T-73. Chuck Leavell (118 points)
Total number of songs: 19
Average song score: 3.16
# of 5-point songs: 1 (Georgia on My Mind, live)
# of 4-point songs: 3 (Alberta, Alberta, live; Compared to What, live; Tumbling Dice, live)
Top 50 track bonus: none
Personnel bonus: #3 miscellaneous/multi-instrumentalist (piano) Chuck Leavell
Recommended listening: Alberta, Alberta, live
; Comin’ Home
; Down the Road A Piece, live
; Georgia on My Mind
; Tumbling Dice, live
This entry is a little bit different as it is kind of like a life-time achievement award. Chuck Leavell has come up a few times in the countdown already and will certainly come up again. Rock’s greatest pianist is not only one of my favorite musicians, but I find him to be one of the most fascinating people in the world.
For those who aren’t familiar with Chuck and haven’t read my previous posts about him, he was an official member of The Allman Brothers Band during their commercial zenith, where he wrote and performed the greatest piano solo of all time
(see the “Jessica” entry in my Allman Brothers thread, which discusses how Chuck was nearly as important in the development of the song as Dickey was).
Beyond that, for nearly 35 years he has been the primary piano player and musical director for The Rolling Stones. He was the founder and leader of the critically acclaimed jazz fusion group Sea Level and a key member of B.H.L.T. (both of whom have already appeared in the countdown). He was the pianist on Eric Clapton’s Unplugged
album, Gregg Allman’s Laid Back
album, and David Gilmour’s Live at Pompeii
album. In addition, he has played and recorded with Chuck Berry, Aretha Franklin, George Harrison, The Black Crowes, and Gov’t Mule. I know I’ve posted it before, but one of my favorite piano solos ever is Chuck’s solo on this version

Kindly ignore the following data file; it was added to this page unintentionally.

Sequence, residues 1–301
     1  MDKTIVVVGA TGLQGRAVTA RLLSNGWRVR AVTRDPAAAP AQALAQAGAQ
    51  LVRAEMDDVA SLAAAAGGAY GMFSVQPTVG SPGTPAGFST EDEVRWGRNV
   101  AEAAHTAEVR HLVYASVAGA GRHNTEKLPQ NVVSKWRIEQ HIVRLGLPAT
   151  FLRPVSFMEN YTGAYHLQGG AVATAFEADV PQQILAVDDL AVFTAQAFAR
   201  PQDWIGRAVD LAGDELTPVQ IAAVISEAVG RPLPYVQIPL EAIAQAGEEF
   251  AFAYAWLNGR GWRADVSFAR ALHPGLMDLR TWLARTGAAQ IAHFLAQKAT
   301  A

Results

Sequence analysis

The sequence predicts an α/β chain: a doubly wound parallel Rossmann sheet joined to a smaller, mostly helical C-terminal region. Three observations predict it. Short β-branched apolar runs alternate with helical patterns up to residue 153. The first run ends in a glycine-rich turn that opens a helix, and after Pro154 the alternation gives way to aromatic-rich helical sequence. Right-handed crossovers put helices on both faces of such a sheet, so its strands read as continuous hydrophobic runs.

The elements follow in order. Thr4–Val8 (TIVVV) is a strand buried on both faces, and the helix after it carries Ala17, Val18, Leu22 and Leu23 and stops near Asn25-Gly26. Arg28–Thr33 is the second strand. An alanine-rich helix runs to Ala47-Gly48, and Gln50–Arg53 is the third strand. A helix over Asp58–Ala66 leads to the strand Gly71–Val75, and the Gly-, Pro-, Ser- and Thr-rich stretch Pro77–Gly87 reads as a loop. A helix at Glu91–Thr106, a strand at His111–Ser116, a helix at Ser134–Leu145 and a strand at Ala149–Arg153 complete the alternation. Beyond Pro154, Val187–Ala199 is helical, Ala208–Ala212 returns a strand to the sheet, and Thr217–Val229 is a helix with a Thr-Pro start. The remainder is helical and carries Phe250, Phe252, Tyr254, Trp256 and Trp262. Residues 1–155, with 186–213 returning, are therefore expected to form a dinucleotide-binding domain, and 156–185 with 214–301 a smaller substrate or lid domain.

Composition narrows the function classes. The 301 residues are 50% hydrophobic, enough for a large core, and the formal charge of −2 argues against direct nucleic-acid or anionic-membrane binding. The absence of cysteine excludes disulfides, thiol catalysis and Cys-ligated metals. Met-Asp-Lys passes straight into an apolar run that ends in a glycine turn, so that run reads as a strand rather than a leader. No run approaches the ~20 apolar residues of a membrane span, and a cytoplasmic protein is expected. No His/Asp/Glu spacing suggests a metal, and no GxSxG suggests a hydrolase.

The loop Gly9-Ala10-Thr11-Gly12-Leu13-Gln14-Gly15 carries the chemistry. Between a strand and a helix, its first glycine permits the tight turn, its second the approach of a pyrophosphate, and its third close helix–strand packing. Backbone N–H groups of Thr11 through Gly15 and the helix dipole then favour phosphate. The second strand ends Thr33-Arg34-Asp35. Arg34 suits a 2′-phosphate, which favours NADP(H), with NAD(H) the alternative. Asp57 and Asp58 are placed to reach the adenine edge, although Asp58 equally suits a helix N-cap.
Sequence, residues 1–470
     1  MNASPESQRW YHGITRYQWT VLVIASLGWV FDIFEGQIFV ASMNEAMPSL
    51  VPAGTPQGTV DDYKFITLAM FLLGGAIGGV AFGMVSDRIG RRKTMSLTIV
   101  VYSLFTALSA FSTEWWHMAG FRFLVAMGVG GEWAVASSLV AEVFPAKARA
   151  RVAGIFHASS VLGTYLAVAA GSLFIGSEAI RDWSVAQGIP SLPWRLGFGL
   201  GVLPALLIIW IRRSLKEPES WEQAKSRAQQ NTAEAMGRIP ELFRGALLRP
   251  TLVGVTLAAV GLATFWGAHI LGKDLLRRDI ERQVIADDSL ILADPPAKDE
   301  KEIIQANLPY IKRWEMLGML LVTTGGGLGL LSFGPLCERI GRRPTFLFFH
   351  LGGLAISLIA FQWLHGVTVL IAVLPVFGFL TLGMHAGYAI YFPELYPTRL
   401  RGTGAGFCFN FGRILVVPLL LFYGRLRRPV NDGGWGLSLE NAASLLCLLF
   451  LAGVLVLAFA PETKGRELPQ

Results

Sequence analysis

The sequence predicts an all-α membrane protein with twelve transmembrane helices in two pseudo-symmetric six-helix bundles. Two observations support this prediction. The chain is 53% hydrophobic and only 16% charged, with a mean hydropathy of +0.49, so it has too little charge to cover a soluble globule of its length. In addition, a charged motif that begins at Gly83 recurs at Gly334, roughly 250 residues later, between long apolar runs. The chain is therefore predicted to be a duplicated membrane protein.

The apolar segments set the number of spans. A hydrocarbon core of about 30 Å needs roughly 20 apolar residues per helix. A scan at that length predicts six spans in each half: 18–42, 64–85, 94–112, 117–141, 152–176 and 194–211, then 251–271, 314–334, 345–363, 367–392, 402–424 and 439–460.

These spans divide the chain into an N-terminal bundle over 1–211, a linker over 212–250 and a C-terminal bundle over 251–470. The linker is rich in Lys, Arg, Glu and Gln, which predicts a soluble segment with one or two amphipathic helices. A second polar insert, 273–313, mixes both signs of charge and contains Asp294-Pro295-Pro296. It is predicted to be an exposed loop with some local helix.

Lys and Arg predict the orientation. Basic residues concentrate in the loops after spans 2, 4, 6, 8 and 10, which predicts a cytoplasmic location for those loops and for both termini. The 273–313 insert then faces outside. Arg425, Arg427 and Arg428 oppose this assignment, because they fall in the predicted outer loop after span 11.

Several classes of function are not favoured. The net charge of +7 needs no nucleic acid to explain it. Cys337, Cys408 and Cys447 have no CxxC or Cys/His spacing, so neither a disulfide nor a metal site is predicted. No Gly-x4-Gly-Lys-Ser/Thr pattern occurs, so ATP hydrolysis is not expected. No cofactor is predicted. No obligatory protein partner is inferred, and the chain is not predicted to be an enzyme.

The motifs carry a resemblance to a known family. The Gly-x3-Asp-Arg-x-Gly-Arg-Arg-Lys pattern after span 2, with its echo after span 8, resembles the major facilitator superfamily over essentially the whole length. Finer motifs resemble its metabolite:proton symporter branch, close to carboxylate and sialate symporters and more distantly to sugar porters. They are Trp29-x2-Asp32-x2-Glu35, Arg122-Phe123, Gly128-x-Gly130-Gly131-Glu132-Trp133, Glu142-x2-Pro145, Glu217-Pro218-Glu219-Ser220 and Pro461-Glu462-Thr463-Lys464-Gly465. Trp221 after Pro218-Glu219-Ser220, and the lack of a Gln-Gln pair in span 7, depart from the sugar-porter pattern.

of “Look on Yonder Wall.”
This entry is technically for Chuck’s solo work. He has put out several really good solo albums and occasionally tours with his own band, which is also really strong. Obviously, the ranking is significantly boosted by his personnel bonus, which I feel captures all his other musical contributions not covered elsewhere.
The fascinating thing about Chuck is that he is only a part-time musician. He spends a good chunk of his life serving as an award-winning tree farmer. If you get the chance, check out the documentary Chuck Leavell: The Tree Man
. Absolutely fascinating.
T-73. Ry Cooder (118 points)
Total number of songs: 41
Average song score: 2.83
# of 5-point songs: 1 (Dark End of the Street)
# of 4-point songs: 5 (Boomer’s Story; Crazy ‘bout an Automobile, live; Feelin’ Bad Blues; Jesus on the Mainline; Let’s Work Together)
Top 50 track bonus: none
Personnel bonus: none
Recommended listening: Feelin’ Bad Blues
; How Can a Poor Man Stand Such Times and Live, live
; Paris, Texas
; Tattler, live
, Tap ‘em Up Solid, live
; Too Tight Blues #2, live
Speaking of musicians with a Rolling Stones association, few of their collaborators can top Ry Cooder. The multi-instrumentalist is probably best known as a collaborator, not only with the Stones but also with John Lee Hooker, Taj Mahal, Neil Young, Little Feat, Eric Clapton, and even Randy Newman. But he also did a lot of great solo stuff including composing soundtracks for a number of films such as Paris, Texas
We have a bunch of songs here, like “Dark End of the Street,” “Boomer’s Story,” and “Jesus on the Mainline” that have appeared elsewhere on the countdown. But we also have some great Cooder originals.
A really soulful slide player, Ry was close to getting a personnel bonus for guitar. I also considered him for a bonus on the multi-instrumentalist list. I love his mandolin playing on “Love in Vain